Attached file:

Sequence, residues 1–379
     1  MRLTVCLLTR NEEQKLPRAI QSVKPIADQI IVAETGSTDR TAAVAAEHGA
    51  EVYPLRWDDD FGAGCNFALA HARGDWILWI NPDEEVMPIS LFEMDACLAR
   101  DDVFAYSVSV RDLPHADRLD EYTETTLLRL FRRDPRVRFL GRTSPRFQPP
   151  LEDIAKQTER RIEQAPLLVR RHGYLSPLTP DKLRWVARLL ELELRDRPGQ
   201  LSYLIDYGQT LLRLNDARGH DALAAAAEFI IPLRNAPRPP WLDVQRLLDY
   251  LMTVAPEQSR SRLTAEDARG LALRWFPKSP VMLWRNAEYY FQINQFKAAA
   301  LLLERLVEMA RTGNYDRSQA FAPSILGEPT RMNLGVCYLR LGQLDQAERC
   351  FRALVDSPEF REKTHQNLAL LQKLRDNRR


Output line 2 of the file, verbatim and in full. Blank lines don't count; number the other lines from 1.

     1  MRLTVCLLTR NEEQKLPRAI QSVKPIADQI IVAETGSTDR TAAVAAEHGA